Scripture scholar Thomas Brodie writes of the man born blind: His first words, ”ego eimi” mean literally, “I am.” But there’s more to this than a simple self-identification. They also place him in line with God’s self-definition in the Hebrew scripture, “I am who am,” and Jesus’ string of identifiers elsewhere in John: I am the bread of life (6:35) and light of the world. This spunky, uneducated man represents us all, made in God’s image. (The Gospel According to John New York: Oxford University Press, 1993, 55.)
Furthermore, the formerly blind man models how to trust. He’s so grateful to Jesus he believes him completely, and bows in reverence to him. He may not have read anything, but he stands in sharp contrast to those who may be more educated, but desperately cling to a tired tradition. Their blindness keeps them from seeing how awesomely God works in the present.
We shouldn’t pick on them when we all have our blind spots. This Lent is pervaded by news of the coronavirus, and it’s still unclear how much of the anxiety around it is warranted. But several bright signs showed people breaking through the blinders.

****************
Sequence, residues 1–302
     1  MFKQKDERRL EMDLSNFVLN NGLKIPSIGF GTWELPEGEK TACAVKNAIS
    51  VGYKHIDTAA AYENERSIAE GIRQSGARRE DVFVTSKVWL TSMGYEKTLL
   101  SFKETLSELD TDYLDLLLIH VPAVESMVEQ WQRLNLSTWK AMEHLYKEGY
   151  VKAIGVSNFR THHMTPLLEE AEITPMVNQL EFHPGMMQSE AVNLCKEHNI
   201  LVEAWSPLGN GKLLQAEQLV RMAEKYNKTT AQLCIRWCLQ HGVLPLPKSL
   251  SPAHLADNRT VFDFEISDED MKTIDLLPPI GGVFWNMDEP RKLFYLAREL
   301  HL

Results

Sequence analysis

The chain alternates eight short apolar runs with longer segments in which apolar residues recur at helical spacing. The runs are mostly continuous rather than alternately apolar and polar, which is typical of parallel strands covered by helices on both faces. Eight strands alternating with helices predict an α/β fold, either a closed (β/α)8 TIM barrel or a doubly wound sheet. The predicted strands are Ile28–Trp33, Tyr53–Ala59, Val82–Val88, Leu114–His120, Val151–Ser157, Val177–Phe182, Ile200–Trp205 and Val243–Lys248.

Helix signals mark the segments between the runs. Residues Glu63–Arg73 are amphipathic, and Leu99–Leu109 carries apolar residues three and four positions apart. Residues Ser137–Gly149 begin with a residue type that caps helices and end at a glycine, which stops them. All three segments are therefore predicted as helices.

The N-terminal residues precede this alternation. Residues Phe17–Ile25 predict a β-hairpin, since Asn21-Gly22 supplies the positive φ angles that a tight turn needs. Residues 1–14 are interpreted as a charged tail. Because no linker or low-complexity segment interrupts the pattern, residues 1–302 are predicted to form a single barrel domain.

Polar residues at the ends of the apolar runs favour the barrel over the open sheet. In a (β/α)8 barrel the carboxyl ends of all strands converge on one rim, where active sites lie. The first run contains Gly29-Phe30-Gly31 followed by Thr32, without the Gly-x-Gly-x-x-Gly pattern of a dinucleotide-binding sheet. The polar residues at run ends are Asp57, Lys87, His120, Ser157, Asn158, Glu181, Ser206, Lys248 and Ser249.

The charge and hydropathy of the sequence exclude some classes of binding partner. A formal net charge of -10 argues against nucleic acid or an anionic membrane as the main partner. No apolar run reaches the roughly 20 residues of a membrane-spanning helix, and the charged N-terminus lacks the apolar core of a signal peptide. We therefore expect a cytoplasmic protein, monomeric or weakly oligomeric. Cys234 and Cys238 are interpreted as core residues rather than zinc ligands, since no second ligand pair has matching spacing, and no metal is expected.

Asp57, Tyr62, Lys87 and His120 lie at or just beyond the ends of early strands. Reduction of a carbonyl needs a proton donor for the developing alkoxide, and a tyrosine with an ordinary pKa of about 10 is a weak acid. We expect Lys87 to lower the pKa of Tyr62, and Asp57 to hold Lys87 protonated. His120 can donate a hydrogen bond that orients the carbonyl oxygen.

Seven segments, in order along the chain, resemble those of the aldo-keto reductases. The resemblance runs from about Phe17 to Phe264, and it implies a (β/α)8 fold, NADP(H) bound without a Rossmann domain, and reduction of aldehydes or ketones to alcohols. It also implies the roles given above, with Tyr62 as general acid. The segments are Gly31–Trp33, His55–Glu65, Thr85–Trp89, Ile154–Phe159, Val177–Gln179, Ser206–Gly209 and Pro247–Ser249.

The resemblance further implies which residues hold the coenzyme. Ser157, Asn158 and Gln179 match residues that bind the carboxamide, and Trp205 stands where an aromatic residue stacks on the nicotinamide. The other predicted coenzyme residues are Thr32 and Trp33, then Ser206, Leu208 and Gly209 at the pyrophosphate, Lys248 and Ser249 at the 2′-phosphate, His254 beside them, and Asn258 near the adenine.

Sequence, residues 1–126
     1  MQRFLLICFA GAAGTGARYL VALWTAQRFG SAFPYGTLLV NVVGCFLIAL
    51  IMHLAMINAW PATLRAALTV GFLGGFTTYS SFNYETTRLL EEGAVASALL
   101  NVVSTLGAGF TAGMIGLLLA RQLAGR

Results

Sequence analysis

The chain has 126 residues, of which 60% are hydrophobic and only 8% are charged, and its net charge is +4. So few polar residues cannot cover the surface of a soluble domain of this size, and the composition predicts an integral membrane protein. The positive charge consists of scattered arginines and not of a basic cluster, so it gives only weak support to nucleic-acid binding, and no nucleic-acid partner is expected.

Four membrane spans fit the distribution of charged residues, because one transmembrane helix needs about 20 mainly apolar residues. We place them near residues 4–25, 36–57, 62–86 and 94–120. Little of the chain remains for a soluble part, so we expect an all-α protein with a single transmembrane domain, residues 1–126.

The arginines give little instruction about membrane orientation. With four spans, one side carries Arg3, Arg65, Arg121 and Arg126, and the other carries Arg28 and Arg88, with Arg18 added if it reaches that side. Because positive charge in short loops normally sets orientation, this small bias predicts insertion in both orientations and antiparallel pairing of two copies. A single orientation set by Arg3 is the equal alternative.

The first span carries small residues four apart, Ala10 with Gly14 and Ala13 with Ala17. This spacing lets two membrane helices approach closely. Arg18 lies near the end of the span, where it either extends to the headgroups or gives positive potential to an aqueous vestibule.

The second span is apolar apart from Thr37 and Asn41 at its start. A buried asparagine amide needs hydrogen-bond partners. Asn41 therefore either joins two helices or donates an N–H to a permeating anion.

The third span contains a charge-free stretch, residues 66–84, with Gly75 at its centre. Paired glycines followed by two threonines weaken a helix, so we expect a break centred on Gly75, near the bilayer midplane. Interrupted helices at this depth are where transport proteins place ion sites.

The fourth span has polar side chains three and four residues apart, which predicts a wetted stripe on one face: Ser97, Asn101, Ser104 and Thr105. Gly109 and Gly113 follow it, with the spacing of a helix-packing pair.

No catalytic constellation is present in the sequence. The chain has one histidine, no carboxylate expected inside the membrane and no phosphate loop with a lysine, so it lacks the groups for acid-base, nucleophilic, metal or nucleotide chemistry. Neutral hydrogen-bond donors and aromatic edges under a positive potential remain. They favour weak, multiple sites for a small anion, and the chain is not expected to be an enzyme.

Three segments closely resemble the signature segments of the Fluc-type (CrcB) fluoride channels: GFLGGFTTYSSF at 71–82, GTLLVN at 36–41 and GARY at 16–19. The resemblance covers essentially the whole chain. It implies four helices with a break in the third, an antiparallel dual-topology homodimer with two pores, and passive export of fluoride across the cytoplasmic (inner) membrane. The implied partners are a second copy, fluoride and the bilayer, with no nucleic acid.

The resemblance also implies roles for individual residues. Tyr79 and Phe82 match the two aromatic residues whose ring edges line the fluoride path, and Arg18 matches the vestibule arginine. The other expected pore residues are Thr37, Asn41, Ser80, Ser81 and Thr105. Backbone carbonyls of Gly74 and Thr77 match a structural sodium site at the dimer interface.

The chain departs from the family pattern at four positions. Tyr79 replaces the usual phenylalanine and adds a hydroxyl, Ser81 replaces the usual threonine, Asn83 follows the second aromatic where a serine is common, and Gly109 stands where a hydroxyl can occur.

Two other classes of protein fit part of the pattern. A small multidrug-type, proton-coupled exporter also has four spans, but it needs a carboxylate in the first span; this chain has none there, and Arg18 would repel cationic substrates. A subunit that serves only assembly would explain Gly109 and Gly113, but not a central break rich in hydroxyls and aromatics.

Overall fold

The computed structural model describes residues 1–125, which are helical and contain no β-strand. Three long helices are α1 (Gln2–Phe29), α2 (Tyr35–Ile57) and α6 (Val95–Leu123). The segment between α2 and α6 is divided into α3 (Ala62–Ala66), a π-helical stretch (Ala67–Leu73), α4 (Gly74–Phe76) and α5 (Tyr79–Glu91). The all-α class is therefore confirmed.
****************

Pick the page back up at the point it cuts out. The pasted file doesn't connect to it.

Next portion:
One was Oakland mayor Libby Schaaf who allowed the docking of the Grand Princess cruise ship, with confirmed cases aboard. The ship had sailed in circles for days off the coast, a nightmare for passengers who’d anticipated a luxury cruise to Hawaii. “It’s the right thing to do,” she said about opening the port. “We have to not let our fear dictate or impede our humanity.”
That compassion was echoed by Eric Drake, who held aloft a sign as passengers disembarked: “Welcome home! U r not a #!” He referred to the president’s reluctance to let the ship land because he didn’t want the numbers of US cases to increase.
Several doctors have also raised voices of sanity, criticizing the waves of fear and stockpiling, the theft of masks from hospitals where they’re vitally needed. Most of all, they question the messages we’re sending our children about the loss of reason and altruism in the face of something we don’t yet fully understand. Blindness and insight take different forms, but have characterized humanity since biblical times.
Retreat led by Kathy Coffey: “Those Feisty Gospel Women”
San Damiano Center, 710 Highland Dr., Danville, CA (925)-837-9141
www.sandamiano.org March 27-29, 2020